Trusteeship can help chemical engineers advance their careers and give to a cause they love, says Fiona McAuslan
WHAT’S the best way to advance your career? Focus on your personal development or learn on the job? How about a way that combines both and helps you volunteer for a cause you care about?
Charity trustees are the group of people with overall responsibility for a charity: they’re where the buck stops. They are often called the board or governing body. At the Institution of Chemical Engineers, for example, they are called trustees. They make key decisions about the direction the charity will take and how it fulfils its purpose. They also make sure the charity has the resources and policies it needs to do this well and to comply with legal requirements.
Actually, no. Anyone can be a trustee if they’re over the age of 18 (and, in some cases, 16 depending on the structure of the charity). You don’t even need to be a UK resident or indeed a citizen to be a trustee for a UK charity. Having experience in the voluntary sector and being an expert in charity governance is not a prerequisite for being a trustee. At Getting on Board we’ve helped hundreds of people to become trustees.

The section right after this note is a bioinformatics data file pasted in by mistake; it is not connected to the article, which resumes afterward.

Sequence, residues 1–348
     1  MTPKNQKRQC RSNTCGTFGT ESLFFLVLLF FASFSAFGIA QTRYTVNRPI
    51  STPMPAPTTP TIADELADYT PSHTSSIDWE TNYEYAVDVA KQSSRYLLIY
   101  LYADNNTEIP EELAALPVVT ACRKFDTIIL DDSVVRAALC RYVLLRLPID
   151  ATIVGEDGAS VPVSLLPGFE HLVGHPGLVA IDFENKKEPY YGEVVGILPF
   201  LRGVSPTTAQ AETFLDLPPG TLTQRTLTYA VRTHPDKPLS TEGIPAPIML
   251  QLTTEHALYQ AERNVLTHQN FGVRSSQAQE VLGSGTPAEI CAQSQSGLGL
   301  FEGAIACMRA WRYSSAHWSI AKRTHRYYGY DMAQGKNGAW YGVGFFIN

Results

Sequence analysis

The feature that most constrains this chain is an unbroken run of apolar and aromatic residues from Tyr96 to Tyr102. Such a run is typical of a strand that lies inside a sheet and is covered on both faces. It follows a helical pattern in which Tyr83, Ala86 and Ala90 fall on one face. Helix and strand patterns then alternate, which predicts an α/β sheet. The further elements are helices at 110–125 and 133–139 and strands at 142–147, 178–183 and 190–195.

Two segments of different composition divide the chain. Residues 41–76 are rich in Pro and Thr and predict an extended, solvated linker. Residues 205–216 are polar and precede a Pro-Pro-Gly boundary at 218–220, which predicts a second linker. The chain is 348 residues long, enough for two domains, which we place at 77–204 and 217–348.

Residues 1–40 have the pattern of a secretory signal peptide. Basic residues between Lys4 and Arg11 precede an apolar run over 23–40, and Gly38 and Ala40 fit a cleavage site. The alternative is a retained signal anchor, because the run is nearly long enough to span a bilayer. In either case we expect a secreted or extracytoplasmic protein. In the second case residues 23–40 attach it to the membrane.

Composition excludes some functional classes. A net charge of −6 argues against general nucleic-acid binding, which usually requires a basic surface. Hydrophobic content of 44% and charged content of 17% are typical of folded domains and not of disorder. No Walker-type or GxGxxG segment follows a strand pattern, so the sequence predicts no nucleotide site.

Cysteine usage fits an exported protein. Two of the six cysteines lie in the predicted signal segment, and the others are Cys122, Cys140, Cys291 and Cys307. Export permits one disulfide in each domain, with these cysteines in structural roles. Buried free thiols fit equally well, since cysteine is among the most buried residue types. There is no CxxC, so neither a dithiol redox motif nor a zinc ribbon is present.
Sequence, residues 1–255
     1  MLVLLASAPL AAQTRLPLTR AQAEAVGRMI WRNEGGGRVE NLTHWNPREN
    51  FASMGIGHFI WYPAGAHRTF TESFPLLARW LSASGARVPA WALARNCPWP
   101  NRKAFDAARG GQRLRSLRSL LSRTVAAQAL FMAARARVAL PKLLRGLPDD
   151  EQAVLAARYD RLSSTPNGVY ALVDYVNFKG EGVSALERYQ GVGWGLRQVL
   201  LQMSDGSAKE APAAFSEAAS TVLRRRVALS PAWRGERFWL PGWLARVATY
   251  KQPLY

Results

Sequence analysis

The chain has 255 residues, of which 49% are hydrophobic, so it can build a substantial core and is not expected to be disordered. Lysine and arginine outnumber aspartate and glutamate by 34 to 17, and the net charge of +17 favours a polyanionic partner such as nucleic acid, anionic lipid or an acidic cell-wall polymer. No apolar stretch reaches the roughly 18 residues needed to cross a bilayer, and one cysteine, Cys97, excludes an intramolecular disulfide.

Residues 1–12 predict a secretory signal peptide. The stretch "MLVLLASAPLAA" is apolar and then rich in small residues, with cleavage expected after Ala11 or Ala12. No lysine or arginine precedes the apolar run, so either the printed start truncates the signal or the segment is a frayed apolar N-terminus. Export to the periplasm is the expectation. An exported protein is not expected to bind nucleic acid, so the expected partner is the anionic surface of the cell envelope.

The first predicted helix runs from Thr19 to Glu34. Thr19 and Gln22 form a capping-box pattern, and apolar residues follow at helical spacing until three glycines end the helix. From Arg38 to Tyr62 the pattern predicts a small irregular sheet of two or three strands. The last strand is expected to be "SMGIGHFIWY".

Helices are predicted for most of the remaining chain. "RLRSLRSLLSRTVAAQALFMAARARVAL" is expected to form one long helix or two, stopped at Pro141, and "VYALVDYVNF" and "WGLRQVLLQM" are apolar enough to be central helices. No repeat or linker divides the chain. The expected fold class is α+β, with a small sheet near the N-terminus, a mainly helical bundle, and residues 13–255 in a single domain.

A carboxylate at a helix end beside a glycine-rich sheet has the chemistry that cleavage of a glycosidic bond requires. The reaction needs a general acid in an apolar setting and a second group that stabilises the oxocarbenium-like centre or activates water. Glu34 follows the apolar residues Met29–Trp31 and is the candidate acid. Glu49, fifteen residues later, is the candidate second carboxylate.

There are some 203,150 registered charities in the UK and they often struggle to find trustees, particularly ones who reflect the communities they serve. Underrepresented groups on boards include young people, women, people of colour, the LGBT+ community, disabled people, and the working class. Today, an increasing number of charities are alert to the challenges that a lack of board diversity brings and are looking for new trustees beyond their established circles.
This means that if you’re considering your first trusteeship, the breadth of opportunity is huge. Individual charities will have a checklist of the knowledge, skills and experience they need on their board. However, there are some essential attributes to being a trustee and happily, there’s a brilliant synergy with chemical engineers.
The old adage of “no such thing as a stupid question” is never truer than in a boardroom. So much of what happens on boards is because “we’ve always done it that way”. Sometimes just asking “why?” is the best way to usher in new thinking.
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